Kai oxi ch’abäl ke taq re' pe ChixotAugust 3, 2020
Kai oxi ch’abäl ke taq re' pe Chixot - “Two or Three Words from Chixot”
We no longer know how to read the future. We are constantly surrounded by death, and yet nobody mourns, nobody cries, nobody cares. Everything is there to individualize and isolate us, as we are all bound to survive. This is why we are seeing the disappearance of our capacity to listen, sense, and learn from our elders –our ancestral grandmothers and grandfathers.
Listening to the experiences of our grandmothers and grandfathers is central to the Kaqchikel people because it allows us to stay in contact with our past, and to take part in what is forthcoming. Our ancestral mothers and fathers stand before us. We look to the past in order to build the future. The elders can interpret dreams and speak to us about what has occurred, which is why we must listen to them.
Ri qach’alal ni b’e/tzolin pa jamel, meaning, our loved one is going/returning to the void, to the navel of Mother Earth, the elder women in the street say, as a funeral passes by. When the elderly greet one another, they uncover their heads, take off their hats and show us ways of seeing-thinking: they show us the two voyages, the physical and the non-physical, as well as the other return, the great return, to our home, to our roots, Chi q'acho, Chi qaxe'el.
In our ancestral practices, there are other ways to mobilize and express ourselves –practices that range from speech to image, and that never, not even for a moment, lose their potency. Power is in the skin, like our grandmothers’ and grandfathers’ communication with the wind, the water, the fire, and the earth. This allows us to reflect on the kind of future we would like to see. My work aims to demarcate time through place, a space-times where everything surrounding us can coexist and live in harmony with the Earth. Striking equilibrium is the natural way to guarantee the survival of all species.
Our ancient expressions were not the product of individual creation. Rather, they were nourished by collective experiences and enriched by their histories. In this way they differed significantly from the concept of modern time, in which some divisions discriminate between “ahead” and “behind,” “developed” and “underdeveloped,” “modern” and “traditional.” Divisory concepts that even nation-states use to separate and discriminate against indigenous communities.
Indigenous peoples tend to channel stories through memory; this allows us to prepare ourselves to fight for a sustainable way of life. In unusual or inappropriate situations, for example, our grandmothers and grandfathers say Xaxe jalatäj ruwach ri k’aslem, meaning, it is just that the face of time/life has changed, that is why things go wrong. It was these words that brought me to ask: what is the appearance of time today?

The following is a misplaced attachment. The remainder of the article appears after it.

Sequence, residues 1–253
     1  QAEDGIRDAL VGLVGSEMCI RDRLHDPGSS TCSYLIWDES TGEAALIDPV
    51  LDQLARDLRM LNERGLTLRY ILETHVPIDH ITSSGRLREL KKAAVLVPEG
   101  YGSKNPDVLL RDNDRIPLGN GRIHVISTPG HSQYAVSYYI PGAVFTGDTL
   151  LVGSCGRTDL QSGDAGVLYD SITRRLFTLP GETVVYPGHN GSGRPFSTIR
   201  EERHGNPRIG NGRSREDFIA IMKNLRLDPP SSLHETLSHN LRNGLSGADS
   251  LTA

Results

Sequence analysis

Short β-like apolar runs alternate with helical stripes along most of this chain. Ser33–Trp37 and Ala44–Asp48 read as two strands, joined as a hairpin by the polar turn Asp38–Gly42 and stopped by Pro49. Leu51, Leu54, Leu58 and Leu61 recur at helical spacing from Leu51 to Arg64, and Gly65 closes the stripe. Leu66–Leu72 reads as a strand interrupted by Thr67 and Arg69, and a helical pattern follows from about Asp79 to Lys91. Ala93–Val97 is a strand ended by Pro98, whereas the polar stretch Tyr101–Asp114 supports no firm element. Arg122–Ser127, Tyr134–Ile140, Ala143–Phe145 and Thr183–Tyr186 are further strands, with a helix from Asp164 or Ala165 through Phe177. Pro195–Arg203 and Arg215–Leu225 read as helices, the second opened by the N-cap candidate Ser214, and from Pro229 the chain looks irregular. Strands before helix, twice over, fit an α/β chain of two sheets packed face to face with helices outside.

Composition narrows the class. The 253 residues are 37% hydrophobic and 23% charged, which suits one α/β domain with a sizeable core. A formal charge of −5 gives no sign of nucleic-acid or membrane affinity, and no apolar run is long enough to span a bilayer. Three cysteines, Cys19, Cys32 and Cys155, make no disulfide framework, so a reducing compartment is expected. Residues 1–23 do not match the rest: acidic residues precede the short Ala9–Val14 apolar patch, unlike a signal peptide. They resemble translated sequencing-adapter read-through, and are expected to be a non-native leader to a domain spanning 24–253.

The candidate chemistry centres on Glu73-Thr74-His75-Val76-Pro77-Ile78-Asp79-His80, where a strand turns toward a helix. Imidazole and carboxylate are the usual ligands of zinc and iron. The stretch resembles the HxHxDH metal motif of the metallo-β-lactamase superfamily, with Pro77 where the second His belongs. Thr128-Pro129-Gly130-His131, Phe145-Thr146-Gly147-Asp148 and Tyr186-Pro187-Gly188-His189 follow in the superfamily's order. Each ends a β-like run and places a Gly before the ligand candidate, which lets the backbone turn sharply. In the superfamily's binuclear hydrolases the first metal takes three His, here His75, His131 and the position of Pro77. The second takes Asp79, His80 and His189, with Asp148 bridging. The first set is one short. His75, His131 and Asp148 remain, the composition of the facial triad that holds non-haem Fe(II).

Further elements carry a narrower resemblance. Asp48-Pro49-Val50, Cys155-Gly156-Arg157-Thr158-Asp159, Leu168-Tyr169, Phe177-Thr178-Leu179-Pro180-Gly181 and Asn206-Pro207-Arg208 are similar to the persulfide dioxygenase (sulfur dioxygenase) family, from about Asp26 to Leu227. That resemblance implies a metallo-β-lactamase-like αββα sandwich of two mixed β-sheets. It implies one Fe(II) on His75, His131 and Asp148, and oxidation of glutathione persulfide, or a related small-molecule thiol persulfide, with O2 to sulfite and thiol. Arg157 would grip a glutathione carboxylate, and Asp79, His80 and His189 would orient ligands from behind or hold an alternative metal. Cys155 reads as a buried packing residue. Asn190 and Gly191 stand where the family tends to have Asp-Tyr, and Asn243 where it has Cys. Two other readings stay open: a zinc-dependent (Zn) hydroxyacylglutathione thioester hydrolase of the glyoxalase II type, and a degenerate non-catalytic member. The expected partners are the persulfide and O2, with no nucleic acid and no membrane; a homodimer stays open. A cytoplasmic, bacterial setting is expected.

I began to think about how modernity functions, how it is so seducing, and what it’s like to be on a migrant’s journey, displaced in time. The traveler, the vagabond, the ambler, the pilgrim, the migrant, the exile, the expatriate, the tourist, all trace their paths through geographies that are unrecognizable to them; They are alienated by unfamiliar languages, objects, and faces.
Migrants are subject to permanent political, social, and cultural crises. To diminish their disassociation with space, migrants must establish ties with a place, either the one they left behind, the one they travel across, or the one they yearn for. This raising of spatial consciousness helps them protect themselves from the constant gaze of others, for whom they may awake feelings of intolerance, hostility, and/or suspicion. A migrant’s voyage can also be defined as an existential leap –an individual and social search. It’s not a matter of taking refuge but rather of becoming lost in time. This loss turns the voyage itself into a metaphor for forgetting, which allows them to keep on moving –searching for a new home. Migrants seek an everlasting idealized sense of home, one that evokes the possibility of returning to their father and grandfather's land.
These reflections resulted in the work Studies of Failure Measured in Time and Space, a non-sequential narration of a voyage that never reaches its destination. These studies—taken from drawings by Piet Mondrian—suggest a futile path, like the one taken by the project of modernity. They evoke a broken compass, without north or south, but that nevertheless, guides us through multiple, contradictory and perhaps even impossible time-spaces.
However, we must not forget that modernity claims the future belongs to it, and the past to us, indigenous peoples. They do not realize that time for native communities, implies a trajectory that does not always reflect linear progress, but that signals the possibility of living and thinking, of creating and believing in one’s own way. So that through communal memory, we embody our particularities and take up our ancestral paths without allowing ourselves be reduced to folklore. In that sense, our expressions are not rooted in precariousness, nor do they attempt to offer new solutions. Instead, they provide forms of cultural resistance by celebrating the potentiality of our ancestral beliefs. Local cultural expressions acknowledge differences and respond politically by distancing themselves from the colonial model.
Ángel Poyón Cali (Kaqchikel) lives and works in Comalapa, Guatemala
Notes for a Horizon-tality: Toward the Possibility of Becoming Together as an Assemblage is a project that responds to our multiple and seemingly multiplying emergencies. Since the growing uncertainty of living in a world in crisis seems to continuously threaten the possibility of the future, this editorial initiative seeks to contribute to the growing scholarship on this topic from the perspective of Latin American contemporary art.